Connect with us


SSD write speeds are improved in the M2 Pro and M2 Max MacBook Pros, according to benchmarks


According to tests and reviews of the new computers, the new 14-inch and 16-inch MacBook Pros powered by the M2 Pro and M2 Max CPUs have faster SSD write rates than their predecessors. These new computers come in sizes measuring 14 inches and 16 inches, respectively. This week, a small group of reviewers and media sites were given the opportunity to examine the newly released MacBook Pros in advance of their general availability beginning on Tuesday, January 24.

The read speed of the 16-inch MacBook Pro with M2 Pro in a storage configuration with 2 terabytes of space was measured at 5,372 MB/s, while the write speed was measured at 6,491 MB/s. The previous-generation 14-inch MacBook Pro with an M1 Pro processor and 1TB of storage scored a slightly faster read speed of 5,797 MB/s than the 16-inch M2 Pro; however, it got a lower write speed of 5,321 MB/s than the 16-inch M2 Pro.

The read speed of the 14-inch MacBook Pro with M2 Max was measured at 5,319 MB/s, while the write speed was measured at 6,402 MB/s. These results are comparable to those obtained by testing the 16-inch M2 Pro. These tests indicate that the new MacBook Pros have marginally slower read rates than their predecessors. However, unless the customers work with really large files, it is quite unlikely that they will notice a change in the typical speed of the software. The speed at which data is stored and the performance of the storage system are also impacted by other parameters, such as the storage capacity.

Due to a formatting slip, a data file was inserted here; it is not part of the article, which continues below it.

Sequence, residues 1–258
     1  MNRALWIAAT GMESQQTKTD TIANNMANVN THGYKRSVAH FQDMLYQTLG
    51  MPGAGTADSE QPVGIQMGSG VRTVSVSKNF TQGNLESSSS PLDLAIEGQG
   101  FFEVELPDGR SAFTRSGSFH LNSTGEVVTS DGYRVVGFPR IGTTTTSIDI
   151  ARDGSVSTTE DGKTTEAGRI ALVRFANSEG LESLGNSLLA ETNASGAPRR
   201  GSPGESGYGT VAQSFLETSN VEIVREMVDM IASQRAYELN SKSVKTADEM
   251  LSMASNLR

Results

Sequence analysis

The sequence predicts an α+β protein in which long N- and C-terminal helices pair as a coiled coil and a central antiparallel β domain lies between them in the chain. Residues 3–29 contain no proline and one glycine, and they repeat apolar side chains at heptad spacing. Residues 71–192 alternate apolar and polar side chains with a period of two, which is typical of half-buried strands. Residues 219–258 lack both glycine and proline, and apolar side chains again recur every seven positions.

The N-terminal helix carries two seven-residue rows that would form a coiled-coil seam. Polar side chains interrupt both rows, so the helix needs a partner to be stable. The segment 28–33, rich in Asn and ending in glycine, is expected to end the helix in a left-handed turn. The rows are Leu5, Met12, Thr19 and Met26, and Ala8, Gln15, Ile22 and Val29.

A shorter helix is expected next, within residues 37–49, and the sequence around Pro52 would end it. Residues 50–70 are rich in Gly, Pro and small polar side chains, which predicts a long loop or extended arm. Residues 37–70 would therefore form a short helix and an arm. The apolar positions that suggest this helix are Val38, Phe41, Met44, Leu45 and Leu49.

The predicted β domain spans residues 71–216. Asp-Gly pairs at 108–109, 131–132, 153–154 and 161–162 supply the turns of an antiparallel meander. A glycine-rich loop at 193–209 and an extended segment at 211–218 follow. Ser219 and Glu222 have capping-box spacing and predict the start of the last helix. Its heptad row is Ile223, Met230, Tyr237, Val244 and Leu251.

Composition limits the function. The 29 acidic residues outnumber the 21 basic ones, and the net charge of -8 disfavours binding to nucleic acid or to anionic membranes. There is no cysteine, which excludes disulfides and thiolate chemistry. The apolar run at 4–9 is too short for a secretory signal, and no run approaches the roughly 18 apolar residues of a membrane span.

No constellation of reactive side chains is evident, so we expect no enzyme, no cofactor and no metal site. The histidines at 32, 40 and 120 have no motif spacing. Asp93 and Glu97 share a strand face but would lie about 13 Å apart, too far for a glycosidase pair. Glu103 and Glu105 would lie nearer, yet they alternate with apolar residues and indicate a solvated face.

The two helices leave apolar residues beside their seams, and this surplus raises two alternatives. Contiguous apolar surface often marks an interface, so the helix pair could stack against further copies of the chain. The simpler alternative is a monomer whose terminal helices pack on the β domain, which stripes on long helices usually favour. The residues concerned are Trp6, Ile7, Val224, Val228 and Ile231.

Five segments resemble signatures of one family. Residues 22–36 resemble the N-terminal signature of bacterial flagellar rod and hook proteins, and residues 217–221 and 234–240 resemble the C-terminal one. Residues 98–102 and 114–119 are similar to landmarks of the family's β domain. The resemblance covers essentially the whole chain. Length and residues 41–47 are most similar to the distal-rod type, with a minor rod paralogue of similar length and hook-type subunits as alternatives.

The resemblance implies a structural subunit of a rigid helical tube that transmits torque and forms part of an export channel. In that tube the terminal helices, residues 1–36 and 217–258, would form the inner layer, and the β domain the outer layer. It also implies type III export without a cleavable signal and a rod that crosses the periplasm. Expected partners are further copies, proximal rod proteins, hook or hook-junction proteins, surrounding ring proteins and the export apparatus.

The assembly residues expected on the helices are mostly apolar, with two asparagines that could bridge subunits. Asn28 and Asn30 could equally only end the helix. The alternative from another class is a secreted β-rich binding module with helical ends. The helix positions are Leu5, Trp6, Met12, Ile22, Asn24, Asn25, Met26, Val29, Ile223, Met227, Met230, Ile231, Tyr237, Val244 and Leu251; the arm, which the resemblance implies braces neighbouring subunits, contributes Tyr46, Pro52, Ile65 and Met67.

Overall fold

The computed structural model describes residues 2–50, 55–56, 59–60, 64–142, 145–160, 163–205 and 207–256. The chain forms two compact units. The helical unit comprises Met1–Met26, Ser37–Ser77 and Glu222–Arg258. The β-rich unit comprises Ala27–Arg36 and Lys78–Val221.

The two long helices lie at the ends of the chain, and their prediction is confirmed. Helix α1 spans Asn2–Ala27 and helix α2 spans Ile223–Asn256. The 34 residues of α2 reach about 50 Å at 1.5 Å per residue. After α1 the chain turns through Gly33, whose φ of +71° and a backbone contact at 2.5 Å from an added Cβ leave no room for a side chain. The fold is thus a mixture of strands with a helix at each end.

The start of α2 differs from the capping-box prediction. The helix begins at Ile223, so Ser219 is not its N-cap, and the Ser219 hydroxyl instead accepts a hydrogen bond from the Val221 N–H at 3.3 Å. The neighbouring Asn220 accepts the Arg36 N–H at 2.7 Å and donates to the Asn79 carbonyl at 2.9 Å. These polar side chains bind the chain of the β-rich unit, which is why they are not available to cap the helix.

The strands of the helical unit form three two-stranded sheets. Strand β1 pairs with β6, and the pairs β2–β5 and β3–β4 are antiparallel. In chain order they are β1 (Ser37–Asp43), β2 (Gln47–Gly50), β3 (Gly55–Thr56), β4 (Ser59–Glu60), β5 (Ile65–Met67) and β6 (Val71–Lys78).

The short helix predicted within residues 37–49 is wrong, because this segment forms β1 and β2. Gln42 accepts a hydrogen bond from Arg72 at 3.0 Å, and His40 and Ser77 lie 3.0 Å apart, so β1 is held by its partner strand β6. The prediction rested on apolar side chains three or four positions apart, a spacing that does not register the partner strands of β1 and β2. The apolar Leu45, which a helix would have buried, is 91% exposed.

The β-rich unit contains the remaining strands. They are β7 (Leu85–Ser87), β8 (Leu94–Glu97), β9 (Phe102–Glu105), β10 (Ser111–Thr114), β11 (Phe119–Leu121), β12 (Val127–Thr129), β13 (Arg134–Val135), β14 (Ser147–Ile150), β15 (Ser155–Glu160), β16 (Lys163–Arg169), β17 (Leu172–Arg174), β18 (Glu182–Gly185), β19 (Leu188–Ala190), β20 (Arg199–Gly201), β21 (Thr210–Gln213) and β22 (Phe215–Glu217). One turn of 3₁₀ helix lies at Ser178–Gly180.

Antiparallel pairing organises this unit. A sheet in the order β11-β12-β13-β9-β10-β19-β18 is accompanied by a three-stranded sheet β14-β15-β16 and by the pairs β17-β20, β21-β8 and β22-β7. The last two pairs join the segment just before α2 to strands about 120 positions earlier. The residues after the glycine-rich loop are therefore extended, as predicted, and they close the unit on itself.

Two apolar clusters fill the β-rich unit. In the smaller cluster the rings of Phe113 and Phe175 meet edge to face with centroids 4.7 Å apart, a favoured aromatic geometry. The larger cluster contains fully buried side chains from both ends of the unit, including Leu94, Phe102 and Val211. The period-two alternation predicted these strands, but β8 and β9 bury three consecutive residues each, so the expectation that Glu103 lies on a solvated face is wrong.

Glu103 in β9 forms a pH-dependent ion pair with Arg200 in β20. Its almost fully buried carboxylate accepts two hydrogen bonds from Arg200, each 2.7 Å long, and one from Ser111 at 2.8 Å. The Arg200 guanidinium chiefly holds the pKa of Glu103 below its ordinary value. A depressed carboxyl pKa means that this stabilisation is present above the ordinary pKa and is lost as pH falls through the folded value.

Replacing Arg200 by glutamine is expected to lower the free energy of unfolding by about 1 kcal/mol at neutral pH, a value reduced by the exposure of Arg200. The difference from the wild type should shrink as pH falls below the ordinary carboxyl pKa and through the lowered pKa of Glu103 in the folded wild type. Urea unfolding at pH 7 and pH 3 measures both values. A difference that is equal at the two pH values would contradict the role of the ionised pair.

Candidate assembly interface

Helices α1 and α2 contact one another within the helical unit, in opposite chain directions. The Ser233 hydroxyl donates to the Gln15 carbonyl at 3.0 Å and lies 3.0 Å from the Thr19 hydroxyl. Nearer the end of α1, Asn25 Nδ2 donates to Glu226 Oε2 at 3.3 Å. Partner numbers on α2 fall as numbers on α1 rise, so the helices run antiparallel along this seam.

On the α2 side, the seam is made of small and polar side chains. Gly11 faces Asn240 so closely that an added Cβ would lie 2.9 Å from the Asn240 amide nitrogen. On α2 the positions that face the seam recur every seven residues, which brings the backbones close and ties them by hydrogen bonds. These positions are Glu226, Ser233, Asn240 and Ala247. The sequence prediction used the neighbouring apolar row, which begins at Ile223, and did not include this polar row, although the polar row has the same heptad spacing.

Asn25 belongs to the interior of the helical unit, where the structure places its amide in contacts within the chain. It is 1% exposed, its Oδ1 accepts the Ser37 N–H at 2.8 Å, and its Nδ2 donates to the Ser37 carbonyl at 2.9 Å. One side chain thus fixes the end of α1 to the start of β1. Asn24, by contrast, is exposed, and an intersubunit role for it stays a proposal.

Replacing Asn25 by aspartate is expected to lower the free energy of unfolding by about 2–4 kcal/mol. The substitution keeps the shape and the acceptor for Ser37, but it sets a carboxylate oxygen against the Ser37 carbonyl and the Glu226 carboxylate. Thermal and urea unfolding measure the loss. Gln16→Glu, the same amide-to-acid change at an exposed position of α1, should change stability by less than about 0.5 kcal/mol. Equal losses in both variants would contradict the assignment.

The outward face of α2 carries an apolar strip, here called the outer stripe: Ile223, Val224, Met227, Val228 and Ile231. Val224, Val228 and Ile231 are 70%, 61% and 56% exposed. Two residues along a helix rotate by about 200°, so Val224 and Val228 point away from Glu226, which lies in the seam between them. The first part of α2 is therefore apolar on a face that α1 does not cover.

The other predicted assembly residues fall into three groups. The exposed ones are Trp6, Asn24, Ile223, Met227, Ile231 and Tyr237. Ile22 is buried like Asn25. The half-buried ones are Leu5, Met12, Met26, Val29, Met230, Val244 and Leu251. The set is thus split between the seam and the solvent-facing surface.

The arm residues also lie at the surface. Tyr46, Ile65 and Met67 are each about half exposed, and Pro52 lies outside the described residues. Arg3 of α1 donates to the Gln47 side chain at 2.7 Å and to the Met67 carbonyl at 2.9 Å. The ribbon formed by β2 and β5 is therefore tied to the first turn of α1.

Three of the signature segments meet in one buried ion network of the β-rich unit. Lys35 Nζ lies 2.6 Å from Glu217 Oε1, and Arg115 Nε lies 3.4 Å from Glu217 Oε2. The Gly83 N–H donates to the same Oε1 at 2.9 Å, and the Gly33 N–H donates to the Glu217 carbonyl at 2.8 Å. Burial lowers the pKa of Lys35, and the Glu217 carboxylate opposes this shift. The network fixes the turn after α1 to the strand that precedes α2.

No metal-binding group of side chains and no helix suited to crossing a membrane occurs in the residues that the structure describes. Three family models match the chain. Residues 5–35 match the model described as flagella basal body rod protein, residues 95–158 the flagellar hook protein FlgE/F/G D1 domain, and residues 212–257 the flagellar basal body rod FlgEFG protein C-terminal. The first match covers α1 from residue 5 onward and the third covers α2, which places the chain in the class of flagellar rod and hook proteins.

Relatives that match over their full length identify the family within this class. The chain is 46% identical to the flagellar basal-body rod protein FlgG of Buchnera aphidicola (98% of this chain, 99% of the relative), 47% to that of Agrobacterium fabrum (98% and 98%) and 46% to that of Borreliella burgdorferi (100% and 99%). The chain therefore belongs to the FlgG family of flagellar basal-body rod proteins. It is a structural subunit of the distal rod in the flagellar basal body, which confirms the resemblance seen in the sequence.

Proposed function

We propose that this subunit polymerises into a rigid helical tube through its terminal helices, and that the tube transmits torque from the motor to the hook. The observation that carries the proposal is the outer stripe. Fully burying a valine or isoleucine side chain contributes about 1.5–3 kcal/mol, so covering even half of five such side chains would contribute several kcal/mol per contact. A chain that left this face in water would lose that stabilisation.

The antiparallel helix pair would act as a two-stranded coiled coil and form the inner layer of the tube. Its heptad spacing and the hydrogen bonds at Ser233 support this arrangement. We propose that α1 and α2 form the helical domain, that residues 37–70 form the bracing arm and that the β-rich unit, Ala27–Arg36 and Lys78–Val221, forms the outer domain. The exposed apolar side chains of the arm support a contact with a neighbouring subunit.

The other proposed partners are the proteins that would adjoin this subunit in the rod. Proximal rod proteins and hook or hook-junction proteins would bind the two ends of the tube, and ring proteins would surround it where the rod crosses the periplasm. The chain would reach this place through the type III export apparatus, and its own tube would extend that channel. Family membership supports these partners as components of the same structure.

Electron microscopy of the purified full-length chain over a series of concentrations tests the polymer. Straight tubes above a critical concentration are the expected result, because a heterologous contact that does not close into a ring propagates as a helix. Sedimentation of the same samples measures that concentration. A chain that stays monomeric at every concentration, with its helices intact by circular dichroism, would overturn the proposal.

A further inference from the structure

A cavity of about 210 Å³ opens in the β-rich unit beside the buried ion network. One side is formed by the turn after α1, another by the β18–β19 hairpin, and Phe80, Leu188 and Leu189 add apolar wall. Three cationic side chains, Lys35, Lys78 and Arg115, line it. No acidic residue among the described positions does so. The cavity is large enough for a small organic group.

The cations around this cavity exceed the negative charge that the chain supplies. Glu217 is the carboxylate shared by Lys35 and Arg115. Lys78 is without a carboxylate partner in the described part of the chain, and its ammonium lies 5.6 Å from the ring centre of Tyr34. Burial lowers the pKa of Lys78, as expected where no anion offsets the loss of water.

It was discovered that Apple had significantly slowed SSD read/write performance for the M2 basic edition of the MacBook Air by installing one fewer SSD chip than originally intended in the device. This realization occurred almost one year ago. The new MacBook Air has a storage capacity of 256GB, but it only has a single 256GB NAND chip. This results in read speeds that are up to 50% slower and write speeds that are up to 30% slower when compared to the older MacBook Air, which had two 128GB NAND chips.